*Before I get started …
When Jaylen Brown entered the Orlando bubble in July, he had a lot on his mind. Back in Boston, his 79-year-old grandfather was embarking on a battle with cancer, only relenting to treatment when Brown promised he’d join his Celtics teammates for the Disney restart.
A month before the NBA reboot, Brown had made a 15-hour drive from Boston to his native Atlanta to lead a peaceful protest. The deaths of George Floyd and Breonna Taylor weighed heavy on Brown’s mind and he viewed the bubble as an opportunity to bring attention to racial inequalities.
So many of his press conferences in Orlando opened the same way: With Brown first speaking eloquently on a topic of social injustice before fielding questions, which typically steered the conversation away from basketball and onto something far more important.
Before I get started …
Brown spoke with poise and grace about Taylor and Floyd. He raised thought-provoking questions about the national anthem and our education system. All this while the walls inside his Orlando hotel sometimes felt like they were closing in around him.
"I love basketball but I also love to be able to get away from it, then come back to it,” said Brown. "There was no escape, it was like being at work all the time, it was tough. Mentally, life is going on and, sitting there, the room seems like it’s getting smaller on you every single day. It’s tough.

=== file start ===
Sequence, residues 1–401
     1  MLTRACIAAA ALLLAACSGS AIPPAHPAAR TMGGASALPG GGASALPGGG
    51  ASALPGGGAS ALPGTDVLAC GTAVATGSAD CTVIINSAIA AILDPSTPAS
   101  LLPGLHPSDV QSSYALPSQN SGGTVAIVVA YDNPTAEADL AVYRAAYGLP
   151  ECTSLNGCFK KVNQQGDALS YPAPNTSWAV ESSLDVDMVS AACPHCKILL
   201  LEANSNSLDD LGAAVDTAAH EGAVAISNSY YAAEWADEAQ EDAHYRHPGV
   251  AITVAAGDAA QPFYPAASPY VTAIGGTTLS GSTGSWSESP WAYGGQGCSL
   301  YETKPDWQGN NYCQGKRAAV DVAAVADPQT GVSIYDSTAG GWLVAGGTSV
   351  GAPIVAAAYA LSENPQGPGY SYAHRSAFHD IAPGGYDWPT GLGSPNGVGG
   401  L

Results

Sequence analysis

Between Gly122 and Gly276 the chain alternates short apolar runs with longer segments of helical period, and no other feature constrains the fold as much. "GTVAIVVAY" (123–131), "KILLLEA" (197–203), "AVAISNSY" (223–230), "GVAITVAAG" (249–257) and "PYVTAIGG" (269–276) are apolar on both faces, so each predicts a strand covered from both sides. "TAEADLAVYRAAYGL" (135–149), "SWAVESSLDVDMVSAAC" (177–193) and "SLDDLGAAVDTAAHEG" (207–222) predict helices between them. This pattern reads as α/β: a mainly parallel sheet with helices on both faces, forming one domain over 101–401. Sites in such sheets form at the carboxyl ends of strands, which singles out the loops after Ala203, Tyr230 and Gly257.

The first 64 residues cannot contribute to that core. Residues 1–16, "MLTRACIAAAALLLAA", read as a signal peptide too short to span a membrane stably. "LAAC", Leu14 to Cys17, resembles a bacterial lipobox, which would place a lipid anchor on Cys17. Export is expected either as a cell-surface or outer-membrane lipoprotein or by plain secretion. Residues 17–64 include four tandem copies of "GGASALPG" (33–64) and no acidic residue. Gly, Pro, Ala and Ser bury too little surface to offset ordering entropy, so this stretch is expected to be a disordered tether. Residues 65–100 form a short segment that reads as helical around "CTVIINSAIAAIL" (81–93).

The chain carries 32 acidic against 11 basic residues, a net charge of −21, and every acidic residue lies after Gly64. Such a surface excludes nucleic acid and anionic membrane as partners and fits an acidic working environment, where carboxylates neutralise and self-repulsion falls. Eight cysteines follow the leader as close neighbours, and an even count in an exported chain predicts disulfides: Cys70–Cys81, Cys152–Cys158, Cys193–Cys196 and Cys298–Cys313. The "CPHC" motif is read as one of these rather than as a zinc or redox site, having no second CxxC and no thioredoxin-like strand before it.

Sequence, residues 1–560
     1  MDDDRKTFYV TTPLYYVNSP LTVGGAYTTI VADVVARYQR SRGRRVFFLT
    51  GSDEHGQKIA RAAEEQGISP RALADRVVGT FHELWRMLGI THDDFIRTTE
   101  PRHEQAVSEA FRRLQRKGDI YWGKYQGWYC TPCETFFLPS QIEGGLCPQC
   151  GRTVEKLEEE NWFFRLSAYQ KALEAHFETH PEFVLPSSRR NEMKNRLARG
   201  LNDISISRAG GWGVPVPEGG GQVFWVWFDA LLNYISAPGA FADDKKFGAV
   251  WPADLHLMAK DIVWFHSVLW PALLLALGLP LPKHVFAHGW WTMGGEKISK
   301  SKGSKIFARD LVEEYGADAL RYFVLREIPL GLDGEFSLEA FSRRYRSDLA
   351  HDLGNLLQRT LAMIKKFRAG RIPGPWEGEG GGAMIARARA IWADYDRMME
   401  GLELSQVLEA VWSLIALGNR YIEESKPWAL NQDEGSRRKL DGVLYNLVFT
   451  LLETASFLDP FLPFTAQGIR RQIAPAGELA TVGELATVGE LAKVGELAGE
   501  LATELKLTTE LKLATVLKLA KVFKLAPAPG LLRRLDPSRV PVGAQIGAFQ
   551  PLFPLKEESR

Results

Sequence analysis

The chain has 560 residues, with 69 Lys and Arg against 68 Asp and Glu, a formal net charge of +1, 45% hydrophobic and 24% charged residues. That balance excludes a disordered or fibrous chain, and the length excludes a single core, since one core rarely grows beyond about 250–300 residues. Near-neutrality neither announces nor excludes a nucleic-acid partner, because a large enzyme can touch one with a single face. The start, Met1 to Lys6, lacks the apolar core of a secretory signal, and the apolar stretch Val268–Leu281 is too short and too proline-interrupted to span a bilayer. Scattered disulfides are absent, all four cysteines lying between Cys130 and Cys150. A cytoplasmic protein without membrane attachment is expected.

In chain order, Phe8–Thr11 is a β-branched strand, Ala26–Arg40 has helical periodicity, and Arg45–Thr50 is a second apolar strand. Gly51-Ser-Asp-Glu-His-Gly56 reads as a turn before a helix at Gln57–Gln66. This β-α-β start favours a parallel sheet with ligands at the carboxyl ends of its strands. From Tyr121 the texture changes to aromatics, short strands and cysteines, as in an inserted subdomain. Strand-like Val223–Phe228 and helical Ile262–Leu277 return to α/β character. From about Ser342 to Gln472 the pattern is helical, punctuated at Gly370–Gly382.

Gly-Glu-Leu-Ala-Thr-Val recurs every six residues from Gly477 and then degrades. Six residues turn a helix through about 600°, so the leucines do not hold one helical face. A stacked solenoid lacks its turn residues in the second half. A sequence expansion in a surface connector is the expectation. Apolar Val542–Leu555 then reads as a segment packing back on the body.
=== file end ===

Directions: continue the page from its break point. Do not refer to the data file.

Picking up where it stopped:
"I didn’t want to be one to complain because everybody else was complaining already. I’m not just going to add to that. It was definitely really, really tough for me. The cause, of course, why I was going down there was bigger than myself and also to be able to speak on social injustice and have a platform to do that was bigger than myself. It was an easy decision but it was definitely tough, personally.
"I would do it again for those same opportunities.”
Brown might have emerged as the star of the bubble. Not only was he Boston’s most consistent player on a run to the Eastern Conference finals, starting the leap that should deliver him to All-Star status this season, but his willingness to speak on prickly subjects made him one of the faces of the NBA’s social justice movement.
Brown recognizes the spotlight he has as an NBA superstar and isn’t bashful about using his voice to speak on topics outside of the game. In early January, after news that no charges would be brought against officers in the Jacob Blake shooting -- this just hours after rioters stormed the halls of Congress -- Brown and teammate Jayson Tatum delivered a powerful joint press conference after a win in Miami.
Brown simply won’t sit idly by and simply ignore the examples of racial inequality around him.
"What’s crazy is that we’re so tuned to it that we don’t even notice it anymore,” said Brown. "In terms of opportunities, in terms of education opportunities, wealth and economic opportunities, and inequalities that exist within those. You see them on an everyday basis.